Needless to say, Dr Hoodbhoy’s matter-of-fact lecture on Chandrayaan 3’s success and his general comments on religion and education irked a couple of mullahs, who denounced him as an Indian agent.

Another interesting programme on TBH was ‘76 years of Independence: Where do we (Pakistan) stand?’. It had an eminent panel of experts and authors who discussed Pakistan’s journey since its creation. The panellists referred to three major problems that have impeded Pakistan’s growth. The most worrisome aspect they said was the vice-like grip the Army has on the country and the hard knocks that democracy has taken there since 1947. Another major concern is the dominance of religion in all aspects of life which affects education, gender equality and minorities. The third issue on which there was unanimity was the poor quality of education from the primary level to higher education.

In their view, the country’s leadership had bungled at various stages leading to the creation of Bangladesh and current turmoil in Balochistan and other areas. Shakil Chaudhary, an author, said blind patriotism, self-righteousness, obsession with defence of the country, and constant blame and propaganda against the enemy (India) has caused much damage to Pakistan. He added that the media deems it unpatriotic to say anything good about India and there is no self-criticism whatsoever.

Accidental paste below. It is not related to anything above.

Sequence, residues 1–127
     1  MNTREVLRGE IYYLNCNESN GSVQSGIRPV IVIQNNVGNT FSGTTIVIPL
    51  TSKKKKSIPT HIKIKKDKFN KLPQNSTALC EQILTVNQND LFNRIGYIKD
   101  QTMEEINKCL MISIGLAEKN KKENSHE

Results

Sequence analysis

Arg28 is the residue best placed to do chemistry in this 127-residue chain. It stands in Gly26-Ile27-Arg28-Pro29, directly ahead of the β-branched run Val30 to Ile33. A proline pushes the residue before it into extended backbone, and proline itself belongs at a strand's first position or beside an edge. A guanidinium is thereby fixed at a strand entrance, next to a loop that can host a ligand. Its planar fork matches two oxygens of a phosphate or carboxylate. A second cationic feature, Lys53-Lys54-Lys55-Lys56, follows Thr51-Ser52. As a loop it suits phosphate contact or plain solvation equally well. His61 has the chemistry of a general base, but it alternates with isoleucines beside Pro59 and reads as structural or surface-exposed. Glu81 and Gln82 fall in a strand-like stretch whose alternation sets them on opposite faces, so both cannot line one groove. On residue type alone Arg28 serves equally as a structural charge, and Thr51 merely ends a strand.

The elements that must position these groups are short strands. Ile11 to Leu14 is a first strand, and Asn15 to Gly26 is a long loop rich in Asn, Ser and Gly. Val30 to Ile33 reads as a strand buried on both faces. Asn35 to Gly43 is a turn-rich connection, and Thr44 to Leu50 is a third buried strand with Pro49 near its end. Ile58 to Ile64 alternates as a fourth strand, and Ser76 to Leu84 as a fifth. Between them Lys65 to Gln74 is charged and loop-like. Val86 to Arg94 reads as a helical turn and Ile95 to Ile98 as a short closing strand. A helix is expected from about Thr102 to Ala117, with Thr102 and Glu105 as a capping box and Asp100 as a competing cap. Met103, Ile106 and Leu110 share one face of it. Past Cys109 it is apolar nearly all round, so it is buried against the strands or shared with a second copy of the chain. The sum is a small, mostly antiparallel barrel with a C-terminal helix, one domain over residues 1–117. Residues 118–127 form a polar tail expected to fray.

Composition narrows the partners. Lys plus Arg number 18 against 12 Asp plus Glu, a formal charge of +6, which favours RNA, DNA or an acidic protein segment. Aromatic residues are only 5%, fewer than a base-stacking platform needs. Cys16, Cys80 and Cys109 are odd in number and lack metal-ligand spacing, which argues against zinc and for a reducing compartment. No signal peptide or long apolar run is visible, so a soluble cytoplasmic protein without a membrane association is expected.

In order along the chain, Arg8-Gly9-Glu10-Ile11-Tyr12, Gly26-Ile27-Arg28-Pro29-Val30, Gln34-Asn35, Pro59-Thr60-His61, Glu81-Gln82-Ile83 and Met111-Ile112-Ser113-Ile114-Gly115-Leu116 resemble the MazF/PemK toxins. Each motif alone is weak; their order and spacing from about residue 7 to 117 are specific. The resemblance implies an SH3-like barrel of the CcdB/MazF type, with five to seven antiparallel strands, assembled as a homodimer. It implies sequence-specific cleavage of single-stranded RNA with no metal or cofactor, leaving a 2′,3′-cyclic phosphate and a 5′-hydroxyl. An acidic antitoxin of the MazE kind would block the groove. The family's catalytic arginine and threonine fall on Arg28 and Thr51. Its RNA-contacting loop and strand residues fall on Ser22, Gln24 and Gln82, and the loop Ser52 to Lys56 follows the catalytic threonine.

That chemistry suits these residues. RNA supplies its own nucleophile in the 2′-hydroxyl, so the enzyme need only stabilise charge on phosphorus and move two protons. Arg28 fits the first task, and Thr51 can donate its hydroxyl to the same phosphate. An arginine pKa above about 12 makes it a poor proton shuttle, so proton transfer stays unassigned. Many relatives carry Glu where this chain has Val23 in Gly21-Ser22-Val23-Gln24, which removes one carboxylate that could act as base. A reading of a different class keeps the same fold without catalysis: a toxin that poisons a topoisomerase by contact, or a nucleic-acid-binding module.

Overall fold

Several Pakistani experts have in recent times been trying to bring their people closer to reality and explain to them how Pakistan’s domestic and foreign policies have been disastrous and how on the other hand, India under Narendra Modi’s leadership has forged ahead in the international arena with tremendous confidence.

Among them is Dr Sajid Tarar, a commentator on international relations. He is telling the Pakistanis to come to terms with the fact that Modi has built strong relations with Muslim countries in the Arab world, dashing Pakistan’s hope of using Islam as a trump card against India at all times. In his view, the Ummah concept is over, meaning that religion alone cannot be a binding force and it is foolish for Pakistan to pretend to be the standard-bearer for all Muslims across the world. Further, several Arab nations have conferred their highest national awards on Modi.

The dire economic crisis is also a major worry for the people. Earlier this year, the world was shocked to see videos from Pakistan of people mobbing trucks carrying wheat flour and the violence inflicted on individuals wanting to buy a bag of atta, which was selling at astronomical prices. Currently, the price of petrol in Pakistan is around Rs 320 per litre, and there is constant comparison with food and petrol prices in India on social media.

Thanks to social media platforms and WhatsApp groups, it is no longer possible for the Pakistani establishment to brainwash their citizens on issues pertaining to India. Pakistani youngsters are getting a reality check from programmes on media entities about the terrible consequences of Partition, religious hatred and bigotry. What impact will it have on the future of Pakistan, its political system and its relations with India? We must wait and watch.

A Surya Prakash

Vice-Chairman, Executive Council, Prime Ministers Museum and Library, New Delhi